When Hovering Over Your Children Is a Good Thing

In the beginning God created the heavens and the earth. Now the earth was formless and empty, darkness was over the surface of the deep, and the Spirit of God was hovering over the waters.” {Genesis 1:1-2}

Hovering… the Hebrew word—rachaph, means to move gently, cherish, brood (warm, protect, cover); it is a word that denotes love.

The Hebrew phrase for formless, empty void could be translated as a desolate, desert waste.

Most of us have read the creation account—in which God spoke and it was so. Yet, here in Genesis 1:2 we are shown how a desolate desert waste was transformed into the beautiful masterpiece of creation that God made: it was quite the labor of love. It happened through the hovering—that is— through loving, cherishing, moving gently, and warming. It was cultivated and that cultivation produced a masterpiece. He is God and He could have chosen to only speak this transformation into existence, yet He felt it necessary to rachaph over the empty void… maybe to show us the way?

 We mothers have been given little lives to steward and mold.  We have been given a great responsibility to carry out His work— by allowing His Spirit to work through us as we gently cherish, love, cultivate and provide protection and warmth for our children—His creation.

I want to rachaph over my children so that their souls would grow to become the beautiful masterpieces that God created them to be. Before I knew Christ I was desolate, empty and void, and I do not ever {at all!} want that for them.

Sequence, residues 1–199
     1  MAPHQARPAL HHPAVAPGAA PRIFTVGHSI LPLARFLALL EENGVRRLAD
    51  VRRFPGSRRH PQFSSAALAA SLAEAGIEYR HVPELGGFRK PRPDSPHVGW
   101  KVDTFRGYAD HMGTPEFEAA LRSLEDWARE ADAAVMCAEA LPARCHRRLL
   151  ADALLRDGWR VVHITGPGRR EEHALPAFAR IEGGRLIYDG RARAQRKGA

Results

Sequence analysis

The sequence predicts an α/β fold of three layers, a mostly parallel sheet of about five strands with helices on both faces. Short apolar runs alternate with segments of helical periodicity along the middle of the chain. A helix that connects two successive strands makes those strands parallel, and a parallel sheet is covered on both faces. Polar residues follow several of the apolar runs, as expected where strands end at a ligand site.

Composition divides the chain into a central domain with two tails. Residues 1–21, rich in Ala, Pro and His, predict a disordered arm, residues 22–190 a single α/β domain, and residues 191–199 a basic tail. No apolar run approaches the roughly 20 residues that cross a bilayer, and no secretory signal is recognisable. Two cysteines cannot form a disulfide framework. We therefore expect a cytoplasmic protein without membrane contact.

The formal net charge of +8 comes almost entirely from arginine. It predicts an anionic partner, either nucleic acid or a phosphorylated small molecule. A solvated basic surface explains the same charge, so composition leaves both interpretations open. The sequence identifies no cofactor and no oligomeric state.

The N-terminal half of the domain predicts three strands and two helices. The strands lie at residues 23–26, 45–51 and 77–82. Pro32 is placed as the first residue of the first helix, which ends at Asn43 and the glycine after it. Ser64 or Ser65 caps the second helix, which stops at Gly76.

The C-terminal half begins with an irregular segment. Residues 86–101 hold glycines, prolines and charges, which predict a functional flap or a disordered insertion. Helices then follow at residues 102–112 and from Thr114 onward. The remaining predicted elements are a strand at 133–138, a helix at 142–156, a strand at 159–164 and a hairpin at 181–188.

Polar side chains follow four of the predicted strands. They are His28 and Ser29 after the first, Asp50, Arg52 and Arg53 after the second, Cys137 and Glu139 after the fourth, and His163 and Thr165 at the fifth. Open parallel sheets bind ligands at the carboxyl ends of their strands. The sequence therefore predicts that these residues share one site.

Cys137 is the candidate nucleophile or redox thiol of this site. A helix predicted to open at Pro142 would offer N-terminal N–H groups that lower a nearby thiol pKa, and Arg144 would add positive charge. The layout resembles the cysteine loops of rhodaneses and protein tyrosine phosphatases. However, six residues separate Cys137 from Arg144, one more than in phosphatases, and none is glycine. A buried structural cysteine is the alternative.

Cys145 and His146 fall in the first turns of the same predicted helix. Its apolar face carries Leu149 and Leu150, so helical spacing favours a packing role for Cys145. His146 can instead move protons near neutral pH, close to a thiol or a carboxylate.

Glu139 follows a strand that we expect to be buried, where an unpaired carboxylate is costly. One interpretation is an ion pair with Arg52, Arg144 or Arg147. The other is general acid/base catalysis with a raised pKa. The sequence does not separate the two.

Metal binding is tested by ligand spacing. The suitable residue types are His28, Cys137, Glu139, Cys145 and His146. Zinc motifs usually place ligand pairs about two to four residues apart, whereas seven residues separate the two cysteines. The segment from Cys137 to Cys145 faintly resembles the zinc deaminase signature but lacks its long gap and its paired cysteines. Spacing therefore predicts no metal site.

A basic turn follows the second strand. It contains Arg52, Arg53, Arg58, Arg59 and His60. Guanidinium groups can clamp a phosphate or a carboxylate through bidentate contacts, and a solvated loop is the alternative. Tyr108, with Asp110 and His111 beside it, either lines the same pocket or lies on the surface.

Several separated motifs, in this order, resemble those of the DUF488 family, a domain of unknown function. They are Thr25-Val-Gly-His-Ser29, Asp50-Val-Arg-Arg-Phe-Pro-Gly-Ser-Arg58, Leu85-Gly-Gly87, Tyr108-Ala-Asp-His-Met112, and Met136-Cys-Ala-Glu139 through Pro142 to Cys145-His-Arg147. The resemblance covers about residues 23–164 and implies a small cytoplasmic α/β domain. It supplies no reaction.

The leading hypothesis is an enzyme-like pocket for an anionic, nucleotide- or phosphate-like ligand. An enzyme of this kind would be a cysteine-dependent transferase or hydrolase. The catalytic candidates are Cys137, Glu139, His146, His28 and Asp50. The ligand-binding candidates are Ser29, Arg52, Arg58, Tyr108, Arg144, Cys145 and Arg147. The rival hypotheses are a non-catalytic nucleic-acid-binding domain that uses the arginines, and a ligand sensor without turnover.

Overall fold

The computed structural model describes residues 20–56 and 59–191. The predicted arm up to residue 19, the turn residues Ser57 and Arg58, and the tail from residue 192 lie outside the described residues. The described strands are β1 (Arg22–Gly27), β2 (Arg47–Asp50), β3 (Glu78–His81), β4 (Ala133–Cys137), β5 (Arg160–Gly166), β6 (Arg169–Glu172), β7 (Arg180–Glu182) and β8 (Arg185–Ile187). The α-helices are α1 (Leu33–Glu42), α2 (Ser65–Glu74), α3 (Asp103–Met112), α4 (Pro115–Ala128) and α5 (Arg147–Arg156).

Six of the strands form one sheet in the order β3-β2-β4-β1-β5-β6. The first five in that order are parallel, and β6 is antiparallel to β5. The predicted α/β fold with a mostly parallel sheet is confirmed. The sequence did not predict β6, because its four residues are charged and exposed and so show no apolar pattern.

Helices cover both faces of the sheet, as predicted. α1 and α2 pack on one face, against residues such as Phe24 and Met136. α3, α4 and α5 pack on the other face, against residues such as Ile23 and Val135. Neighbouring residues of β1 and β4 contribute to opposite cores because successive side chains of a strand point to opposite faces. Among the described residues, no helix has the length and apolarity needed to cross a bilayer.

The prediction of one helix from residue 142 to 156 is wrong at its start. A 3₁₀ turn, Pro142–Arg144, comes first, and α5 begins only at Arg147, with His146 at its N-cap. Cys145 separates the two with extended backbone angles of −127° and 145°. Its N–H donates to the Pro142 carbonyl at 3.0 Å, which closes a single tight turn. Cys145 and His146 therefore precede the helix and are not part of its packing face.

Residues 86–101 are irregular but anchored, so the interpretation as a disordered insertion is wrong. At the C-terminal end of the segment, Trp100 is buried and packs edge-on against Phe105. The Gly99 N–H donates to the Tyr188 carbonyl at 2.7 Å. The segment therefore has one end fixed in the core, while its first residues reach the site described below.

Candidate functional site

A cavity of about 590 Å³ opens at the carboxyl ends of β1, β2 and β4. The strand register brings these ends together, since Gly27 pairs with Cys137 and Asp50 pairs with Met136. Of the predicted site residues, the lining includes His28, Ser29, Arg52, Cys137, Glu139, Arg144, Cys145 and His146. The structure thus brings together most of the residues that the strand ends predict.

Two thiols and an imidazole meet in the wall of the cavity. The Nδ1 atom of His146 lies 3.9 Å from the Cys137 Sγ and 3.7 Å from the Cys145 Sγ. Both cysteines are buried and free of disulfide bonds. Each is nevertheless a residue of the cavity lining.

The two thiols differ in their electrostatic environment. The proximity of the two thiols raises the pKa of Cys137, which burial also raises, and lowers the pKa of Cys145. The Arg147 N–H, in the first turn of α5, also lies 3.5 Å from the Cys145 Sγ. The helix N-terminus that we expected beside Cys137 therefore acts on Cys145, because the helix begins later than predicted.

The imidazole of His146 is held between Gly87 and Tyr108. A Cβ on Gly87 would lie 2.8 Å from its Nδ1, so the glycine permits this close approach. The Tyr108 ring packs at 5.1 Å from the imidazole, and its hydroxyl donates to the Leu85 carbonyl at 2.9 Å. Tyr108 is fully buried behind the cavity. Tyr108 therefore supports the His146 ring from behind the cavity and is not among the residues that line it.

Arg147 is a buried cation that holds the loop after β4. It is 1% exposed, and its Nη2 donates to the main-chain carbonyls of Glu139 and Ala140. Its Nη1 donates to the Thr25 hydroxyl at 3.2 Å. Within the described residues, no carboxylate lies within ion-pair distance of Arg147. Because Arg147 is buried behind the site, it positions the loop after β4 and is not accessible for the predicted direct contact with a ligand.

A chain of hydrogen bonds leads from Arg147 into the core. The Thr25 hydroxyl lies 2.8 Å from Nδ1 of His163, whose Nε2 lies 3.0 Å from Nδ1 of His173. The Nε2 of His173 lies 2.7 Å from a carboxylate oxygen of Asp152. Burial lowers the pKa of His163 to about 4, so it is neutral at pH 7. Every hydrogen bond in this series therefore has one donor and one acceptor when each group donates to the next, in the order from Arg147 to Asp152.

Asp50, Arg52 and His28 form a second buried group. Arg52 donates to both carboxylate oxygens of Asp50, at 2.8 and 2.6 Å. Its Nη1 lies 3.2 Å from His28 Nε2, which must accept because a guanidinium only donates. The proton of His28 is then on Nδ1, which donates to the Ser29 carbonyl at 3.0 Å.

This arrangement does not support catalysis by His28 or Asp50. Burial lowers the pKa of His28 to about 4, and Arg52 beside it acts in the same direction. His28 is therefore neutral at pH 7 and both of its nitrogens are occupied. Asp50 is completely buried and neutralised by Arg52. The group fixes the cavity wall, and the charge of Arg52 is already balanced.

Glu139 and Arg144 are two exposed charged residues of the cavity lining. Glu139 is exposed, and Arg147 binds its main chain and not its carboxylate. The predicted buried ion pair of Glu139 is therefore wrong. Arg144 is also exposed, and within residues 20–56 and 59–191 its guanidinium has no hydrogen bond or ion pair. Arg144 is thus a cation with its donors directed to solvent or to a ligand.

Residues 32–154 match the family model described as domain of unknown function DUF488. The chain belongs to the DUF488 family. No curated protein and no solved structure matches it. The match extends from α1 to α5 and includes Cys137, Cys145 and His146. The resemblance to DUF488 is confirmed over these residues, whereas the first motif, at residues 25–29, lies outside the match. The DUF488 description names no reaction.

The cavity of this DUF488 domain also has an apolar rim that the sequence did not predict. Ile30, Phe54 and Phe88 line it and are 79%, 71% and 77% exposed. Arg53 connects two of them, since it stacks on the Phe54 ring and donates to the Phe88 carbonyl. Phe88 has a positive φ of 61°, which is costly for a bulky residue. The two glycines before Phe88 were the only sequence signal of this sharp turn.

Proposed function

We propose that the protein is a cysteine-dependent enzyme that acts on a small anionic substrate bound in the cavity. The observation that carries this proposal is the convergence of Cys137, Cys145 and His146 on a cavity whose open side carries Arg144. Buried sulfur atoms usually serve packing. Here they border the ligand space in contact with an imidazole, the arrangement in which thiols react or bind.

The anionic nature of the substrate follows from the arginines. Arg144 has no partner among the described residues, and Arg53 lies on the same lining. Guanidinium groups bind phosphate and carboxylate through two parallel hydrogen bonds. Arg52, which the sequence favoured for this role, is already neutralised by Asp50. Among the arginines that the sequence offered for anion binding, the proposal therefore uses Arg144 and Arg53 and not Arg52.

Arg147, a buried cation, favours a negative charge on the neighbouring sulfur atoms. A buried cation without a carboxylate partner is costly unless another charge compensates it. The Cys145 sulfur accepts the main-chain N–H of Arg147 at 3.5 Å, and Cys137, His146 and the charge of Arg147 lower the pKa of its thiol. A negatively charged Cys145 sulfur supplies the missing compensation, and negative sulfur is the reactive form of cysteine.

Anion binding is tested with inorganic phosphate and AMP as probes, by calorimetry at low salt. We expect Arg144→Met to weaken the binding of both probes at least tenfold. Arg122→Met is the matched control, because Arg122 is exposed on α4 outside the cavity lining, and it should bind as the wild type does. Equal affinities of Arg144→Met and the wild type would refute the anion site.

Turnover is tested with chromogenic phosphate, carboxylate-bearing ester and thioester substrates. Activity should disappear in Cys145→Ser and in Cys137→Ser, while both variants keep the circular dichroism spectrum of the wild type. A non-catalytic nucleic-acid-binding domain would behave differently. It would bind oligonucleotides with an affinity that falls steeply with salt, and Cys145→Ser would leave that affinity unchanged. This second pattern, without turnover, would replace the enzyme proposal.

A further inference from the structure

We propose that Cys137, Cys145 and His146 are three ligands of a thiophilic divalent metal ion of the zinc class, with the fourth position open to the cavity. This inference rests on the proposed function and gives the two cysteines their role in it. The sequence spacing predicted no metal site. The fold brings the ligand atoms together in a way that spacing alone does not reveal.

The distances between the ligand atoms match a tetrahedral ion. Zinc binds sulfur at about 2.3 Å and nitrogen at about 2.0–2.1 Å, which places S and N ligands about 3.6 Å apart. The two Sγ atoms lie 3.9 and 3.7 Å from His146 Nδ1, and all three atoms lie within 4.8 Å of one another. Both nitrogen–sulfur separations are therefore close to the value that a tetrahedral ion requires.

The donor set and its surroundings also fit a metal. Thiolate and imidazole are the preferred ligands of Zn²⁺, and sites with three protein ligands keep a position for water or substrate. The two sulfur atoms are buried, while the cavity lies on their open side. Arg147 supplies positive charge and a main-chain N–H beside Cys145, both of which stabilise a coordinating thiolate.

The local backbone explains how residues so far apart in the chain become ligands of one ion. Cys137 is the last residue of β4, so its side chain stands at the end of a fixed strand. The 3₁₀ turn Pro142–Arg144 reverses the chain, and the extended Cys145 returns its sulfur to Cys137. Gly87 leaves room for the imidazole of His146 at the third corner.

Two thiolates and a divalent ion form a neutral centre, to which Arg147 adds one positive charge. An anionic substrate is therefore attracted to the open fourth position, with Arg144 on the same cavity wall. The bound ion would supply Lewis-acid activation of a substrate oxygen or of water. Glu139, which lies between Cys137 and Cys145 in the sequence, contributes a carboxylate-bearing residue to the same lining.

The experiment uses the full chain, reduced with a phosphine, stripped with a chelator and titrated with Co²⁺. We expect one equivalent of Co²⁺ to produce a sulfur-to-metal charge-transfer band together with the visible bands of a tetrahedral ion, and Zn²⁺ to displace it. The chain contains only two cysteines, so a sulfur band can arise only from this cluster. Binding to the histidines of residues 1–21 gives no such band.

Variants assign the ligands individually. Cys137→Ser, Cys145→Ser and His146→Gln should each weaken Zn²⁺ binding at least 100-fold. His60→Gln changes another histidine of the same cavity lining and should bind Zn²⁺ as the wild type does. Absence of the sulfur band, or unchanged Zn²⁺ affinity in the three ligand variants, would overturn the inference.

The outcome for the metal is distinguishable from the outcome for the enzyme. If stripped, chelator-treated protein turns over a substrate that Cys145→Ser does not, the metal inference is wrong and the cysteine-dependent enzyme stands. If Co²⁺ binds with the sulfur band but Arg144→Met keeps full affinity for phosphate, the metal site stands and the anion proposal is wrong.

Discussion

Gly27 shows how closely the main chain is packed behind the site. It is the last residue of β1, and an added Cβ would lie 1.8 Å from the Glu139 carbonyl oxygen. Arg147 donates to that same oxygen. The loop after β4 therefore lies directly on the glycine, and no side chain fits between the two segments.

The scriptures teach us that all are born into sin—and I fail many times as a mother yet my desire is to be an imitator of God—to be as Christ to them—to rachaph over them just as He has over me. At times I do lose my patience; I am not always gentle or loving, yet I have in me His Spirit who gently, lovingly shows me the way and enables me to follow it.

 I will give you a new heart and put a new spirit in you; I will remove from you your heart of stone and give you a heart of flesh. And I will put my Spirit in you and move you to follow my decrees and be careful to keep my laws.” Ezekiel 36:26-27

As we fail forward in mothering our children, let us remember to invite, acknowledge, and spend time with the Spirit—that we may be enabled to do His work—the rachaph work, over our children, so that their souls are not left unattended, empty and void.

I’m not saying we should try to be or take the place of the Holy Spirit to our children and I’m not saying we need to watch over their every move, ready to correct every last thing they do. On the contrary.  As we offer them love and grace— as we imitate Him, we point them to who God is. We need the Spirit’s help, and He wants to teach us His ways— to help us respond gently instead of harshly, to cherish them instead of treating them as if they are an inconvenience, to create a home atmosphere of warmth, acceptance, and protection instead of one of yelling, shame or fear, to cover over their sin and immaturity instead of exposing them or making them feel belittled for their mistakes, to move gently instead of always hurrying and rushing about, to be intentional instead of negligent… to point them to God instead of leaving them empty.

 

The “Main Things”